When you are acquiring mature chickens, keep them quarantined for at least a month. This method ensures the new chickens do not transmit disease to your flock, in case they are carriers. However, if you are rearing chicks, you should keep them indoors for most of this period. So it can be unnecessary to quarantine them once they reach adult size.
After the quarantine method, you should keep their seclusion from the rest of your flock. This step enables the chickens to get to know one another without danger of being harmed.
You can use a detachable yet secured fence inside the coop; it allows them to see one another but not physically interact through the fence. How long you have to do this is entirely up to you and determined by your chickens’ condition. However, experts recommend estimating a couple of days up to a week or more.
3. Mix and Distract
Allow them to meet each other physically for the first time while you are there to supervise them. Distract the birds with treats, and if they have access to some delectable goodies, they can be less inclined to concentrate on pecking each other. Distribute two or more bowls of food to ensure that all of them can eat smoothly.
Bear in mind that pecking order plays a significant role in the entire life of your chickens, and you are just there to ensure that no one is severely hurt or injured. Bleeding indicates that there’s too much aggressiveness and that you should back it off. Either withdraw the bully from the flock or try postponing this method. It may take multiple trials until everyone agrees.
If one or some of your older chickens is exceptionally hostile and refuses to stop, remove it from the flock and isolate it for a couple of days. Once the chicken is back in the poultry, it will be too preoccupied and concerned with regaining its pecking rank again.
Common Issues and Solutions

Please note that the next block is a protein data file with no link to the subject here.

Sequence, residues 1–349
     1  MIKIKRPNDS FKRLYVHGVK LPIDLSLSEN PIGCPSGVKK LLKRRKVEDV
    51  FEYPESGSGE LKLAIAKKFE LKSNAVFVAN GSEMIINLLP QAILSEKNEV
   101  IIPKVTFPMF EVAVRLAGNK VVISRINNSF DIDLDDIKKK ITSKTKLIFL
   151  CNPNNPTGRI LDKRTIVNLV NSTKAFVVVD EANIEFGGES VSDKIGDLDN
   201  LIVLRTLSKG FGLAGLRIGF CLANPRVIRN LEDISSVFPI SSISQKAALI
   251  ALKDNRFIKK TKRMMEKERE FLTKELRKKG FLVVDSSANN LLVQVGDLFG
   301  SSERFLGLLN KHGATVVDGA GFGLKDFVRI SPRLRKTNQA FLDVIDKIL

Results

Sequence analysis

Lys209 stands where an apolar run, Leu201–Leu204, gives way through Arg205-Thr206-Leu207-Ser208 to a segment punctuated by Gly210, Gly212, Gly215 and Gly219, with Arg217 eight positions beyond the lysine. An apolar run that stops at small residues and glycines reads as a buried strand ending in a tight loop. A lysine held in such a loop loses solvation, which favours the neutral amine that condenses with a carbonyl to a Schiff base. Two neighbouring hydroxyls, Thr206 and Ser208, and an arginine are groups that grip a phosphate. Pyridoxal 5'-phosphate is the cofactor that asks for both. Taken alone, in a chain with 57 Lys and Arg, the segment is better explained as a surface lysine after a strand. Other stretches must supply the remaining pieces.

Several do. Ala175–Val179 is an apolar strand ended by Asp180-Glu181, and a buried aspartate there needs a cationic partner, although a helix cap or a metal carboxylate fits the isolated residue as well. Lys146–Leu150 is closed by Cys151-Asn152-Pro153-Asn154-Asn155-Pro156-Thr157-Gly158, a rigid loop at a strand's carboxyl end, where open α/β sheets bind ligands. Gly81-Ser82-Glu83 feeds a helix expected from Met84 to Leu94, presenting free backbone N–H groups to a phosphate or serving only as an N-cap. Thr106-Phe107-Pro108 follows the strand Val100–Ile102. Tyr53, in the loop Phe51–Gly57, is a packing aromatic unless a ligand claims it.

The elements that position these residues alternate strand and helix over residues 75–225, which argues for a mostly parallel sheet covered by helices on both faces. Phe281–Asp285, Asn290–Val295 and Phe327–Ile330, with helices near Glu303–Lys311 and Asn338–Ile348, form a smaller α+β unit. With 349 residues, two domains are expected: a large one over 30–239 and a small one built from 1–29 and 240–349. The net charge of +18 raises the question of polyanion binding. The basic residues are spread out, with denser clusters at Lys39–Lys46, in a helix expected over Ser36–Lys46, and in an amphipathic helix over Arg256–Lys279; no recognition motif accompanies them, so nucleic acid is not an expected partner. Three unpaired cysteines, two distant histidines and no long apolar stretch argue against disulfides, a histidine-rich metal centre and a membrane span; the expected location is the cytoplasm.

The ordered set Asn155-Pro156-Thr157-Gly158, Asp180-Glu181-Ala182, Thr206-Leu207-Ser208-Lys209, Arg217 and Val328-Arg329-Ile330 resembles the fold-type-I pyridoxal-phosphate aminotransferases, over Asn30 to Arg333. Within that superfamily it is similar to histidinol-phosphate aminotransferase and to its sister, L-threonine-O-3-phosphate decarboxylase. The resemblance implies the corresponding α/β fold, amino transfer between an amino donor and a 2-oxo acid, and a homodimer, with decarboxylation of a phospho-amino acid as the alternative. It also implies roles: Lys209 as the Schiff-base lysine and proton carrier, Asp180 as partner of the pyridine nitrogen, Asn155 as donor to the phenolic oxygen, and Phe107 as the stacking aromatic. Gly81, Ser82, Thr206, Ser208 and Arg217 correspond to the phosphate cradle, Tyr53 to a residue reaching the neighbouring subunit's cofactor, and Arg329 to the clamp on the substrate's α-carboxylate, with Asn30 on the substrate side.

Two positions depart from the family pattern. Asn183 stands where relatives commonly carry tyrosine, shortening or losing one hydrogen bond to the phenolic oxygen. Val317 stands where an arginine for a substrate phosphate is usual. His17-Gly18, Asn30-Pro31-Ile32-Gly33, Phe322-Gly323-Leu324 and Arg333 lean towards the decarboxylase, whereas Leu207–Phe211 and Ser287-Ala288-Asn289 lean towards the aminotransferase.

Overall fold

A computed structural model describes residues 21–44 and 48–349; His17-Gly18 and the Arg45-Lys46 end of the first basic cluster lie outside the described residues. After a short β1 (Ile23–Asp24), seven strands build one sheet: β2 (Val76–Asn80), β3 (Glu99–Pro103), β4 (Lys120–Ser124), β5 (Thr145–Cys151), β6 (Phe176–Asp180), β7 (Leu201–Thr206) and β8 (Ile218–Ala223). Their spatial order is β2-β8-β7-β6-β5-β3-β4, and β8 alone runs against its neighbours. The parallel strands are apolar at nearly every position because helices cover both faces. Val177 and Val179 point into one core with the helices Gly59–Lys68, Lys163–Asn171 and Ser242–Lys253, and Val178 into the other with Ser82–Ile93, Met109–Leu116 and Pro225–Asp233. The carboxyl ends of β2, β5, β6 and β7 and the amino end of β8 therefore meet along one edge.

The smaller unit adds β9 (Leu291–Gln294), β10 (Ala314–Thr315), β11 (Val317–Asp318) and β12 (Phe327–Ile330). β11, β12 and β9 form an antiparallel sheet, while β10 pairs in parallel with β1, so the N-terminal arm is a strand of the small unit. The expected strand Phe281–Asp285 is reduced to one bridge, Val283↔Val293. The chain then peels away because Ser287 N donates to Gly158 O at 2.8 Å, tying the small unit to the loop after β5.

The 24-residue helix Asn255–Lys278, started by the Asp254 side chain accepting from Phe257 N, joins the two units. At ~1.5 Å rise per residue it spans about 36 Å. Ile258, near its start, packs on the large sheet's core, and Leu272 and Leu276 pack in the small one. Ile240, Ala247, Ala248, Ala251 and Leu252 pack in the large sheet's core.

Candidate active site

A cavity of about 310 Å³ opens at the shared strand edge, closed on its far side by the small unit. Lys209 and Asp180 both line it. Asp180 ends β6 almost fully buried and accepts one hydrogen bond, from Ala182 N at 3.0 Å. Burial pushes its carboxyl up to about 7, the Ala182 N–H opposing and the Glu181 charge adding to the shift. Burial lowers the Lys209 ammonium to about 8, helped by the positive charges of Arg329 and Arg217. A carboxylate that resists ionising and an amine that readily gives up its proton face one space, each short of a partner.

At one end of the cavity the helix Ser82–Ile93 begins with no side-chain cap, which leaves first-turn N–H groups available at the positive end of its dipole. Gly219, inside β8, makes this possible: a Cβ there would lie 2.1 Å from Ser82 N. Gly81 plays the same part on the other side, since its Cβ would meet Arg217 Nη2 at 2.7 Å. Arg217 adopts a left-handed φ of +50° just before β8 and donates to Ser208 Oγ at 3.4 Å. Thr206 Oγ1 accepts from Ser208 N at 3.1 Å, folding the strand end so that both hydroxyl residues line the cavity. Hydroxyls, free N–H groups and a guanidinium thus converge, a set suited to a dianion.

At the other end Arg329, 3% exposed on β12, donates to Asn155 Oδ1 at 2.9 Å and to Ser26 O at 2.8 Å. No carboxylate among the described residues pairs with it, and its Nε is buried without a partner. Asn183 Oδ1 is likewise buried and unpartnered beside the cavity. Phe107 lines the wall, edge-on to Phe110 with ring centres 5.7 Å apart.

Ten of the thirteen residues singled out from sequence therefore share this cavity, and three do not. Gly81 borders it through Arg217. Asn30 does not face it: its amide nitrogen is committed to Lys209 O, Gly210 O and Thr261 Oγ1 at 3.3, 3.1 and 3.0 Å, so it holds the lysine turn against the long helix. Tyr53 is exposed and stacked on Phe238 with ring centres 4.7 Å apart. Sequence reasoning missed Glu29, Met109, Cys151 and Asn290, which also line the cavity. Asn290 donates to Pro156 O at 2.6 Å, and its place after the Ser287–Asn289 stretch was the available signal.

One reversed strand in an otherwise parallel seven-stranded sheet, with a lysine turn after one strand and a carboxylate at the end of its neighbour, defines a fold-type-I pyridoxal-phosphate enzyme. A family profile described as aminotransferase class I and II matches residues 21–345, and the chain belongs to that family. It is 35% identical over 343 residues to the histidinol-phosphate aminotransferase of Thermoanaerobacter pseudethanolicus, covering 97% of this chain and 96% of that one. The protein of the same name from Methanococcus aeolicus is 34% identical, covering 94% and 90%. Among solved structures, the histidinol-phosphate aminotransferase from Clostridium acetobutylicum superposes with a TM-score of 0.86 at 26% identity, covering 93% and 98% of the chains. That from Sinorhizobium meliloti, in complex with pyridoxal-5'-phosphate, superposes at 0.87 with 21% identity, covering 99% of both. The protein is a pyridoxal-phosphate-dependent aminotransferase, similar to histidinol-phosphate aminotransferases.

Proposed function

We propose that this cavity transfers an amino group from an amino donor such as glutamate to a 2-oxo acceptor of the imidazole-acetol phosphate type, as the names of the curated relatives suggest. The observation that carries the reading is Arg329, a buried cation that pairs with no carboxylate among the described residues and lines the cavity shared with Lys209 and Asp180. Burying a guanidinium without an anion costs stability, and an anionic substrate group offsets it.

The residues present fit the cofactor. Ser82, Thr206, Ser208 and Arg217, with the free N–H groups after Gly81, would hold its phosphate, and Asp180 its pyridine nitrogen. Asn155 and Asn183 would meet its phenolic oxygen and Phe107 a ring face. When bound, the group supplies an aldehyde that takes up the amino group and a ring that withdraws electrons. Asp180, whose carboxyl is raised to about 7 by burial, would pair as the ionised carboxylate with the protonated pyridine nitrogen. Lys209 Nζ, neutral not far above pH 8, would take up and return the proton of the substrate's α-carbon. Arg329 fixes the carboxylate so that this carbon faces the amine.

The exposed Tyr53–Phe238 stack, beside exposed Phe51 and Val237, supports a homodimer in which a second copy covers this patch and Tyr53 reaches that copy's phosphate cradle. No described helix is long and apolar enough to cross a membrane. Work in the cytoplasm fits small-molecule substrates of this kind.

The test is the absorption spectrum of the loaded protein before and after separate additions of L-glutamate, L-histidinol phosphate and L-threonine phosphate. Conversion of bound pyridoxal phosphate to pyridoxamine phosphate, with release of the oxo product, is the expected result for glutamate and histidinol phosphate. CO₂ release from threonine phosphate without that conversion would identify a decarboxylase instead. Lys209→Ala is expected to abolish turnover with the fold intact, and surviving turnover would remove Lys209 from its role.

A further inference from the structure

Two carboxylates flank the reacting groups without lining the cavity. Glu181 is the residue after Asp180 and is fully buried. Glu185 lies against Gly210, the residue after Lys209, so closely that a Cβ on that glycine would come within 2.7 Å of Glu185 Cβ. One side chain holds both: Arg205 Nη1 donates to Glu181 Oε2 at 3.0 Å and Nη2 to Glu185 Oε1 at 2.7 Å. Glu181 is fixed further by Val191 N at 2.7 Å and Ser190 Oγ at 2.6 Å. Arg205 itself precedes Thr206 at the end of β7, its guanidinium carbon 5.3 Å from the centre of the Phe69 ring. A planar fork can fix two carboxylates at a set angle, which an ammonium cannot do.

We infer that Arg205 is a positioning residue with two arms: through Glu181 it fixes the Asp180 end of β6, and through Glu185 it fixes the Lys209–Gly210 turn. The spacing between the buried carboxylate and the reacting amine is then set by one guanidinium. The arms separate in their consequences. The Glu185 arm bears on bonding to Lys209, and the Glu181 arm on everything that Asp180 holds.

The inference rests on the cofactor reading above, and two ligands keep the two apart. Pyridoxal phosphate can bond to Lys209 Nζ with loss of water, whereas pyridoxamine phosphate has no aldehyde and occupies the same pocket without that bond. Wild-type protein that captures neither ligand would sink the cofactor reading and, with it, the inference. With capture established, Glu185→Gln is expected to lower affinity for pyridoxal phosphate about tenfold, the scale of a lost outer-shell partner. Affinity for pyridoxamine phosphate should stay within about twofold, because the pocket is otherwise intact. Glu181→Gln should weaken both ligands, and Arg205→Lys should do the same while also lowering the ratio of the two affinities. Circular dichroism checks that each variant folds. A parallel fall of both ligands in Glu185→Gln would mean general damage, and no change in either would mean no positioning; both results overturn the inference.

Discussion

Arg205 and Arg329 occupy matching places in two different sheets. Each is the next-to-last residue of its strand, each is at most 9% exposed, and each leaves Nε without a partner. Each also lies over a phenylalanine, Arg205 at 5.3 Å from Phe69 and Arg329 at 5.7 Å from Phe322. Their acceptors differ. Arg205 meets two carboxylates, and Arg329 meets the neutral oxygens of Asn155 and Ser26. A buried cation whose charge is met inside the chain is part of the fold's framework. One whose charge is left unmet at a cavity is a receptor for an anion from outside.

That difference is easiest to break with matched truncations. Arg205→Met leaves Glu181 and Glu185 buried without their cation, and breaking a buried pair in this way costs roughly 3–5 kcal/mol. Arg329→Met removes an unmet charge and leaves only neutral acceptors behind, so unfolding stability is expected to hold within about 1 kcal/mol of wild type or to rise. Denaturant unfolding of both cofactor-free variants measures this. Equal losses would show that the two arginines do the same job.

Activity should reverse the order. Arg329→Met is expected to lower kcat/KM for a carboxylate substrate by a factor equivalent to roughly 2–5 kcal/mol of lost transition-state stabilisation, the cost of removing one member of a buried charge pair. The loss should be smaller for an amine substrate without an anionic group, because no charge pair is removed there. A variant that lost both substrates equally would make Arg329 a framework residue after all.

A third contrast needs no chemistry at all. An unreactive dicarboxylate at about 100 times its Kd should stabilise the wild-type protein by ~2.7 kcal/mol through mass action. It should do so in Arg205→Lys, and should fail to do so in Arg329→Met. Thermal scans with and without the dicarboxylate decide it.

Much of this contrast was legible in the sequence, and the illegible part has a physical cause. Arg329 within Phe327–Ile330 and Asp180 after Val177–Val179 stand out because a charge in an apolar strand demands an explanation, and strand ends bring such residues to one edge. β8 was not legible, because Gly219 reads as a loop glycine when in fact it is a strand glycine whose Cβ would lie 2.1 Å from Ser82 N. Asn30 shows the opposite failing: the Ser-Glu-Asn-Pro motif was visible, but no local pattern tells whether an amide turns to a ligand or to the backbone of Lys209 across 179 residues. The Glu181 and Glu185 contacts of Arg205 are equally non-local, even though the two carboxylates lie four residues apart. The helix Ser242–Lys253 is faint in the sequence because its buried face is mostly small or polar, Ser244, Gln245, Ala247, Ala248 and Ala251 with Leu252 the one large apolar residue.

Usually, introducing new chickens to your flock can go sleekly without any drastic incident. Still, sometimes you can’t just avoid coming across with some issues. Below are some common problems to occur and the solutions to overcome them.
Occasionally, a pack will include a fragile chick. It will always be the last to drink or eat and may appear to remain on the flock’s edge. You can notice the chick being picked on frequently; this is a negative indication.
Because chickens have a behavior of not accepting weak or ill chickens as they see it as a threat to the flock, merging may be complicated and challenging for a chicken. Happen to acquire a soft chick. It can be better to select a buddy from the same flock and isolate them together temporarily in a different coop or maybe permanently.
An exceptionally aggressive chick, typically a cockerel, may attempt to make things unpleasant for everyone throughout merging by harassing other chickens. This conduct may have some consequences.
To begin, it may discourage chickens from laying healthy eggs and cause them discomfort. Second, suppose the top rooster disapproves of the youngster’s conduct. In that case, he may put himself battling the top rooster and suffer from severe injury.
Health and welfare
If you take home chickens from another flock or store, quarantine them first before merging. While the chickens you bought may seem in good condition, some illnesses require time to develop.